Why is writing so important?
The nature and process of academic writing
Whatever programme of study you are taking at university, at some point you will need to put words
on paper or enter them in an electronic file. You might wish to make notes from a lecture you’ve attended, a book chapter you’ve read, a professional organisation’s website you’ve visited, or an academic paper you’ve studied. And then there are the assignments you need to complete. These might be essays, practical reports, slide presentations, a review of an article, webpages you’re designing - the list could be long.
Each kind of communication you create has its own particular cluster of features. It is written for a particular audience with a certain purpose in mind. For example, in a social sciences, humanities or arts discipline you might be asked to write an essay. In a science or engineering discipline, you might be required to submit a report on a laboratory investigation you’d just completed. In completing either writing task, you would need to follow certain conventions. There are likely to be certain rules to follow about structure (how the writing is organised around a beginning, a middle and an end). You will normally be expected to adopt a certain kind of writing style; such as how informal or formal the writing is, the viewpoint you are going to adopt, what level of knowledge is assumed for the reader of your writing, how citing and referencing will be used to underpin the argument in your writing, and so on. How you do these things, and more, is what this book is about.
A note about style
The style in which I’m writing this book is not the style you’re likely to use when completing assignments for your course. For one, it is quite a casual style. I use contractions such as ’I’ve’ instead of ’I have’ and ’you’ll’ instead of ’you will’. Also, I write as though I am talking directly to you, the reader. Much of the time I’m writing as though I’m actually sitting with you, talking you through a process. I use ’I’, ’we’ and ’you’. The use of contractions and direct style is not normally acceptable in academic writing. However, be aware that I am choosing to write in this manner as a means to help you write in a more academic manner, much as a tutor or lecturer might sit with you to discuss writing, and how you can write more effectively.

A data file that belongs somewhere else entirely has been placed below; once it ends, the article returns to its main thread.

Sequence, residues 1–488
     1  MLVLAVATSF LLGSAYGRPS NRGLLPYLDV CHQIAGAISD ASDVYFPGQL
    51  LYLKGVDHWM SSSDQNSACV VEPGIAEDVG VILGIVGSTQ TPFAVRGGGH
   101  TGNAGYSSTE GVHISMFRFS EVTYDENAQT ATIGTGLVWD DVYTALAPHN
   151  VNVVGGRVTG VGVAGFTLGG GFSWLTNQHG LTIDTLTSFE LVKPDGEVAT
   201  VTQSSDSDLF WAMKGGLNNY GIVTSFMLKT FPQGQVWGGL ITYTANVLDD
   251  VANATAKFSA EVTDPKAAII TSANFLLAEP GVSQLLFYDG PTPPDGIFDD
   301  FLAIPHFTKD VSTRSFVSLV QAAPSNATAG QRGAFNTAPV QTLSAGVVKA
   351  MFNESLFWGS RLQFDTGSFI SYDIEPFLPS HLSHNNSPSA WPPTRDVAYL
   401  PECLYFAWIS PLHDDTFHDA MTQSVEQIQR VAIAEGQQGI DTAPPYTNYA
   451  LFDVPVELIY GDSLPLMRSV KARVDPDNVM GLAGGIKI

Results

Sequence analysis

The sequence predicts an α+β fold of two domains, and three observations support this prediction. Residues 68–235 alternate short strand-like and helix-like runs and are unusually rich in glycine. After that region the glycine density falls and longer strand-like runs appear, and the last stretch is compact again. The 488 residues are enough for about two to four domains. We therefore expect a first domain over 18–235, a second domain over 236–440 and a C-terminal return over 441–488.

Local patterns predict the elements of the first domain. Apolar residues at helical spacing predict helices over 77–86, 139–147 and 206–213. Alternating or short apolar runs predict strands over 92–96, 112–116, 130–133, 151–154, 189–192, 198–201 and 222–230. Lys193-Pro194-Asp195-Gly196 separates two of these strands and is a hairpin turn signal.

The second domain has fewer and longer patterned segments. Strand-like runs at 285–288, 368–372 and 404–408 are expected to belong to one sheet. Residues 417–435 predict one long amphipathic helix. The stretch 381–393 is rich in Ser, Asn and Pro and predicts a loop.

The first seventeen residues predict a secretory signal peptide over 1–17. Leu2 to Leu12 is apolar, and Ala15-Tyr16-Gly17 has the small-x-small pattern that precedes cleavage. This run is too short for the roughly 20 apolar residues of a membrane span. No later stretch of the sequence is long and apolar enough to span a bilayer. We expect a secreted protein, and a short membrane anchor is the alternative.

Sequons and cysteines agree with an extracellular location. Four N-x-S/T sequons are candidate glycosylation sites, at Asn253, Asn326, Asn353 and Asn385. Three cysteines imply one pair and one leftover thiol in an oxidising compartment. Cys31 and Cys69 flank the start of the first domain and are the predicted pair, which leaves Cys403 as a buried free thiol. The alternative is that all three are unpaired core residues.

Notice the difference between my writing style in guiding you through this book, and the academic and other styles of writing I’m encouraging you to use (and that you’ll be expected to use on your course). Noticing these distinctions in structure and style will help you develop your writing overall. Doing so will be invaluable to you now, later in your course and in your future career.
1.1 Why is writing so important?
Of course, some people write because they gain a great deal of satisfaction from doing so. It is in their blood. They write to express themselves. Being a writer is a major part of their identity. It is how they express their creativity. Taking that into account, for you as a university student there are, in addition, at least five very good reasons for writing. They are probably so obvious that you’ve rarely, if ever, stopped to think about them. Robert Barrass, in his book Students Must Write (2007), lists four reasons. To me, those first four underpin an all-important fifth reason:
1Writing helps you to remember. By taking notes - whether from a lecture, a video, a book, an article, or some other medium - you are keeping a record of that interaction. In doing so you are being selective about what you record. You are organising your thoughts around that experience. Keeping notes helps you to recall the experience. In fact, if we didn’t take notes, which we can review afterwards, many of us would forget much of what we experienced. Fundamentally, therefore, notetaking is keeping a record. As we will see later, it is much more than that. Good notes are dynamic. They can be added to as our knowledge and understanding grows. But more of that when we turn to note-taking in Chapter 5.
2Writing helps you to observe and to gather evidence. Whether observing what is happening during a laboratory experiment, at a tutorial meeting, or when watching a video programme, writing
notes (perhaps accompanied by drawings) focuses our attention. It aids our concentration and provides a descriptive record of the event. The recording of observations - concisely but in detail - is key for gathering and analysing evidence in many disciplines, whether in science, engineering, social sciences, humanities or the arts.